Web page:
3 – Falling over the edge of a cliff (and then blowing up)
It’s totally reasonable to be concerned about this or indeed just have the physiological responses that go with it. I think this was probably the cause of the greatest number of tiffs between James and I on our trip. I’m scared, he doesn’t get it, telling me it’s fine DOESN’T CHUFFING HELP – sound familiar?
I really don’t know what it is – I know we’re not going to fall off the edge. I know that coaches and artic lorries make it up most of the roads we travel on to reach aires, campsites and resorts. I know that good, full spec winter tyres keep you pretty much welded to the ground and I know that statistically, you’re more likely to be killed in a ski resort transfer bus than a motorhome!
That still doesn’t stop me wincing as we pass traffic, leaning over to make extra sure my weight doesn’t tip us over the edge and sniffing out of the window convinced that the engine, brakes and windscreen wipers are all on fire.
How I got over it: I’ve been driving in the mountains a while – just in a trusty Volvo and not a motorhome. Did you know that when you buy a Volvo you’re magically bestowed with vehicular invincibility? You can drive any conditions with style, grace and confidence.
Somehow, get into a motorhome and I realise that that magic is transferrable. It’s just about confidence – that and physics. It’s all fine. I take my time, I joyously ignore people ‘up my arse’ and we don’t travel on Saturdays if we can help it.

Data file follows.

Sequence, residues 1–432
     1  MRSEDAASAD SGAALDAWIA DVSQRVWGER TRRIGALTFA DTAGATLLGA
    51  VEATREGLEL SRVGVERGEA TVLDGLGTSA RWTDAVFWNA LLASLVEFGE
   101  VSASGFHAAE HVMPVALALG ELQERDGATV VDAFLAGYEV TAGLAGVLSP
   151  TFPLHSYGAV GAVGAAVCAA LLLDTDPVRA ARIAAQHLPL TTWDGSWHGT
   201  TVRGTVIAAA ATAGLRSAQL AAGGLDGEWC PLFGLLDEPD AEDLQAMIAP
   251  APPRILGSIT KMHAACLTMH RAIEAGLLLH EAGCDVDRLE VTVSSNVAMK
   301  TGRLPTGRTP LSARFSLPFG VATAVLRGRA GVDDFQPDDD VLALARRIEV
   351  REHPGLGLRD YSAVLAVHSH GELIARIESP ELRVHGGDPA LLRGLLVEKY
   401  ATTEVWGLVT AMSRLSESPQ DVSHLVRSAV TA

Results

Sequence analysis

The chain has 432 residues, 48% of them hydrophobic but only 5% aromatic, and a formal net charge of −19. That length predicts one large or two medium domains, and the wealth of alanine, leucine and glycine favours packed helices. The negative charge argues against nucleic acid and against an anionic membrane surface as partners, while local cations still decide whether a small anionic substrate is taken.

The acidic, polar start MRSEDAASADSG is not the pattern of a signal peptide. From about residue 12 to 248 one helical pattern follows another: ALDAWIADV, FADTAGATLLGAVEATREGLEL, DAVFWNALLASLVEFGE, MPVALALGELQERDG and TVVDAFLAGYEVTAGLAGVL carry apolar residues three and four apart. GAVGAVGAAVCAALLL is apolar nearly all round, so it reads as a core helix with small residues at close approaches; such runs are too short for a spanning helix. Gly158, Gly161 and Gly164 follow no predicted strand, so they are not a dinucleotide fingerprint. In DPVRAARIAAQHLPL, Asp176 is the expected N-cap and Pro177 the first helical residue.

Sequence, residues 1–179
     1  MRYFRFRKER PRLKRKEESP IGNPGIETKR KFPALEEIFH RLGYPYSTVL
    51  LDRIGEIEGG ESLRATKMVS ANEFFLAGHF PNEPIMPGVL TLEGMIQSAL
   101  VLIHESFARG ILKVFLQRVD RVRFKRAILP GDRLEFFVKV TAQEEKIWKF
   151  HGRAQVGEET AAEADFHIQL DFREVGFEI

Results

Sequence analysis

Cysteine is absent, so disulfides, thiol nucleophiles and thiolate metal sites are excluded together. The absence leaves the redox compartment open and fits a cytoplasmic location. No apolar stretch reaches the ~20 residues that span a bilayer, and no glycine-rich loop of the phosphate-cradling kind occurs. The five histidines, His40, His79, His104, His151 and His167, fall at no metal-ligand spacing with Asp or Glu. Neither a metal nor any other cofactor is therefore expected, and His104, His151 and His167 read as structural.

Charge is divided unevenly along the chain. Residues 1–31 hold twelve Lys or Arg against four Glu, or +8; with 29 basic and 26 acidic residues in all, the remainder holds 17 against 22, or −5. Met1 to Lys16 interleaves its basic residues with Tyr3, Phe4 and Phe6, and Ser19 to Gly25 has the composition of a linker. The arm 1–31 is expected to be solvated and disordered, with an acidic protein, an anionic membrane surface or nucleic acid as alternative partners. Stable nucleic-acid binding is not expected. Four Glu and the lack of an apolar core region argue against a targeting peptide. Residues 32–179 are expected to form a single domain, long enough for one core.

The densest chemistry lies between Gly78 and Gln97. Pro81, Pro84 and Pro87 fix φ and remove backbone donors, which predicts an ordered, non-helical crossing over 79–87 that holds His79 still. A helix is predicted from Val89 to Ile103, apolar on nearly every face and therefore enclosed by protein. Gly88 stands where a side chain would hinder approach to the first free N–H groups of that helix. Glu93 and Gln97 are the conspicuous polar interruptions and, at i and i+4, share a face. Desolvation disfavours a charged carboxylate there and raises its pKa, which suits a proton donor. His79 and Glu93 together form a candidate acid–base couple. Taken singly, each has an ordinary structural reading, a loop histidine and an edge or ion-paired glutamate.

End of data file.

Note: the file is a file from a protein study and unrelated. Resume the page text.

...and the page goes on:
4 – Falling out of a ski lift – falling off a ski lift – a ski lift careering to the floor in a headline maker of a catastrophe – having to be rescued from a ski lift by the SAS on ropes
I have no idea when this cropped up on me but I blame YouTube, Vaujany and James Bond. I also blame James for discussing in detail, exactly how he’d extract himself from a chairlift in an emergency using a whole host of skills and experience climbing, I simply don’t have. If you want to travel to Vaujany, stay in the aire and get across to the Grand Domaine, don’t Google it.
How I got over it: Valium.
No – I actually take a much more hippy approach than that – breathing exercises if I know I’m going on a lift that’s likely to freak me out (Aiguille du Midi is particularly good at making my bottom twitch). I’ve managed to master deep breathing in a way that is relatively discrete but if you’re on a big lift, the chances are you’ll spot fellow white knuckle riders so worry not.
I have one more trick up my sleeve and that’s specifically to deal with people who think it’s funny to rock and swing lifts, particularly when they stop. If someone you know is swinging the lift tell them they’re a complete prat and tell them if they don’t stop, you will start screaming. If you don’t know the people, just start screaming – you do not have time to negotiate. There is truly no faster way to stop people being idiots that to yell like you’ve lost your mind. However, keep it brief or the S.A.S. might come to try and rescue you.